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Observation of 4ΛH Hyperhydrogen by Decay-Pion Spectroscopy of Electro-produced Hypernuclei

An international collaboration group led by Prof. S. N. Nakamura (Graduate School of Science, Tohoku University), Prof. J. Pochodzalla, Dr. P. Achenbach (Mainz University) and Prof. L.Tang (Hampton University) has been developing a new experimental technique, the decay-pion spectroscopy of electro-produced hypernuclei since 2011. This technique observes pions from two-body weak-decay of hypernuclei to measure precise masses of hypernuclei.

By using this new technique for the first time worldwide, the international collaboration successfully measured the mass of <SUP>4</SUP><SUB>Λ</SUB>H which consists of one proton, two neutrons and one Λ particle. The best resolution, 540 keV(FWHM), of the mass measurement of hypernuclei was achieved at Jefferson Lab (US) for (_Λ^12)B using the (e,e'K+) reaction by the international collaboration led by Profs. Nakamura and Tang, however the achieved resolution by this new method is 150 keV(FWHM) which is more than three times better than the previous world record.

The result was published on Physical Review Letters, 9 June 2015 (DOI: 10.1103/PhysRevLett.114.232501). This new measurement will contribute greatly to solve the puzzle of the Charge Symmetry Breaking of the Λ-N interaction.

The nuclear force which bound protons and neutrons in a nucleus was historically explained with the famous meson exchange model by Dr. H. Yukawa and now described as the low energy limit of the strong interaction based on the Quantum Chromo Dynamics. However, behavior of the strong interaction in low energy region has not yet been completely understood though many theoretical works such as Lattice QCD made great progresses. A normal nucleus consists of protons and neutrons which have charge of +e and 0, respectively. Therefore they are totally different in the electro-magnetic interaction. However the strong interaction does not distinguish proton and neutron, and the nuclear forces between them are almost the same. This feature is quite important character of the nuclear force and it is called as the Charge Symmetry of the nuclear force.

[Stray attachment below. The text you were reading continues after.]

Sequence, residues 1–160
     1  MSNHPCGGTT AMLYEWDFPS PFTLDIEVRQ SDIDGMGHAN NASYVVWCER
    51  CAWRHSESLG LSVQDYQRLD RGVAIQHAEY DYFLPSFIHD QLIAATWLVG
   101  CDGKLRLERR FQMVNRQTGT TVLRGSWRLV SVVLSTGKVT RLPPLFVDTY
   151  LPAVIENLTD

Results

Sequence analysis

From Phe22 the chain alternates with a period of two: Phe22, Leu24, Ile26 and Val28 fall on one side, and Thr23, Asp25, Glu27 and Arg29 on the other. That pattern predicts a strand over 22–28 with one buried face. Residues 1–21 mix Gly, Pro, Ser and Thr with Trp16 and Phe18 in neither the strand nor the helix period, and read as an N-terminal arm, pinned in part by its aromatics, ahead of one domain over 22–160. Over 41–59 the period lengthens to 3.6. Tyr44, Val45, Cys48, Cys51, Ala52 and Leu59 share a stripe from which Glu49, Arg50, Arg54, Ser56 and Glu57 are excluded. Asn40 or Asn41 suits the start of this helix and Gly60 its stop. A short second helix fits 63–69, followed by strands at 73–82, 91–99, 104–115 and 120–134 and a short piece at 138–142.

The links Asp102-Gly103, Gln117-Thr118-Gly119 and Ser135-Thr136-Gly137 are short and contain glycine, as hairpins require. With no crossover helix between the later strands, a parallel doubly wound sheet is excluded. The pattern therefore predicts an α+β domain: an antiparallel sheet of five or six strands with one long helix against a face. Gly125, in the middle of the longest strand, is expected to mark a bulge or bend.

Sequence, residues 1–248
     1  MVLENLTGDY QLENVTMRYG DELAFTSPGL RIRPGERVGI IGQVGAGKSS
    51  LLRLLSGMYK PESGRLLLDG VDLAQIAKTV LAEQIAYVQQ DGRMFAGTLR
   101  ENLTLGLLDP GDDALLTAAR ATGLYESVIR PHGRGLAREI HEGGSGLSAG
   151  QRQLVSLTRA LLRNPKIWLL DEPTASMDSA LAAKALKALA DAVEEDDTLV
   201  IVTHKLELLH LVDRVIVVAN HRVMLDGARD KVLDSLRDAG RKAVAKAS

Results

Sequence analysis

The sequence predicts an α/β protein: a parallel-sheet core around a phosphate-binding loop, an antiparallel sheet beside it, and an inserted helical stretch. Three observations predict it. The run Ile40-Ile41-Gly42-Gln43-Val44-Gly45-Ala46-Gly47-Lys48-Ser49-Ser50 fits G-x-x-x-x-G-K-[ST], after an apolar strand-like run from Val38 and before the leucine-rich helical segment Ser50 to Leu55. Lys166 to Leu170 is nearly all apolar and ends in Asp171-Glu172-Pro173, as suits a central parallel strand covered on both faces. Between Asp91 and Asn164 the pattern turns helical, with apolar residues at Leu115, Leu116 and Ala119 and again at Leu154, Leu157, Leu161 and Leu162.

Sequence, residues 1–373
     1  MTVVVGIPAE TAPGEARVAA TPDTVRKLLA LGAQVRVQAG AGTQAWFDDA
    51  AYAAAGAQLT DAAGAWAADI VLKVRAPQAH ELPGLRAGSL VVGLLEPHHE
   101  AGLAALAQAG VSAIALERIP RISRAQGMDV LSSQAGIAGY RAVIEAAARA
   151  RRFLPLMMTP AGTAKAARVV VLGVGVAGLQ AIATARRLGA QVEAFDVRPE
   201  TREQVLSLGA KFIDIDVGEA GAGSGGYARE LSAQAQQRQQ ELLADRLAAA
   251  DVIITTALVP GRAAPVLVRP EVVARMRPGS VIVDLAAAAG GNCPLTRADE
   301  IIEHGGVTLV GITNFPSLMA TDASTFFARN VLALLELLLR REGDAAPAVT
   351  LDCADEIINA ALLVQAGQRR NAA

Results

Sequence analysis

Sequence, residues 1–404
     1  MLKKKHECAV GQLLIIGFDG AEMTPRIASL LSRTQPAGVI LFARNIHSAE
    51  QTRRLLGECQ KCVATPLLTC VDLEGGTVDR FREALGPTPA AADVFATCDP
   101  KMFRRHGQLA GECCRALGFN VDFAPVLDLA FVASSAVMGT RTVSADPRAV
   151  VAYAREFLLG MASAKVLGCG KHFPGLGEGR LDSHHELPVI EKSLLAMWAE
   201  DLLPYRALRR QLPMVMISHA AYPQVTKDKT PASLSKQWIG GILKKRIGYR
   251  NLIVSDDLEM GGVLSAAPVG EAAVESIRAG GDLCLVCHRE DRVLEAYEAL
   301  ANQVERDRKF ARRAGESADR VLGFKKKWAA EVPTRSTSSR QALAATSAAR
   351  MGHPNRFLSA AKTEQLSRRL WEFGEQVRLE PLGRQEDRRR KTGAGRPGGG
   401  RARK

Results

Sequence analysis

Since proton and neutron consist of up and down quarks, so we can say that all materials around us consist of up, down quarks and electons. However we can deepen our understanding of the strong interaction by adding other type of quark such as strange quark. A nucleus which contains strange quark is called as the hypernucleus and especially Lambda hypernucleus has long history of its study since 1952.

This time, the international collaboration group produced (_Λ^4)H which is heavy hyper-isotope of a hydrogen nucleus by using the MAMI-C electron accelerator at Mainz University. The hyper-hydrogen (_Λ^4)H and its mirror nucleus, (_Λ^4)He which consists of two protons, one neutron and one Lambda particle were already found with nuclear emulsion in 1960s. It is known that their mass difference is extra-ordinary large even after correction of the Coulomb force. It means the strong interaction between proton and Λ is different from it between Λ and neutron. This is called as the Charge Symmetry Breaking (CSB) of the Λ-N interaction and the source of it is still mystery even now. Furthermore, recent experimental results indicate that the CSB necessary to explain the mass difference between (_Λ^4)H and (_Λ^4)He cannot be applied to heavier hypernuclei and new experiments with the state-of-the-art technique are longed for.

The collaboration successfully measured mass of (_Λ^4)H by observing the pion from (_Λ^4)H(_Λ^4)He +π- two-body decay at MAMI-C, Mainz University. The obtained information will contribute to solve the puzzle of the Charge Symmetry Breaking of the Λ-N interaction combined with results from a planning experiment on the excited state of 4H-1.jpg at Jefferson Lab (US) and ongoing gamma-ray spectroscopic experiment on (_Λ^4)He at J-PARC, Tokai.

Young researchers supported by JSPS the Strategic Young Researchers Overseas Visit Program for Accelerating Brain Circulation (R2201) and Core-to-Core program (21002) played essential roles in success of this project.

nnm_e01.jpgA photo of A1 experimental hall of MAMI, Mainz University. Two large magnetic spectrometers (red and green) measure pions from decay of hypernuclei and another spectrometer (purple) tags kaons to select the events from hypernuclei.

nnm_e02.jpgPion momentum distribution tagged by kaons. A characteristic peak with the momentum of 133MeV/c from two-body decay of (_Λ^4)H was clearly observed.


Professor Satoshi N. Nakamura
Department of Physics, Graduate School of Science, Tohoku University
E-mail: satoshi.nakamura.a7* (Replace * with @)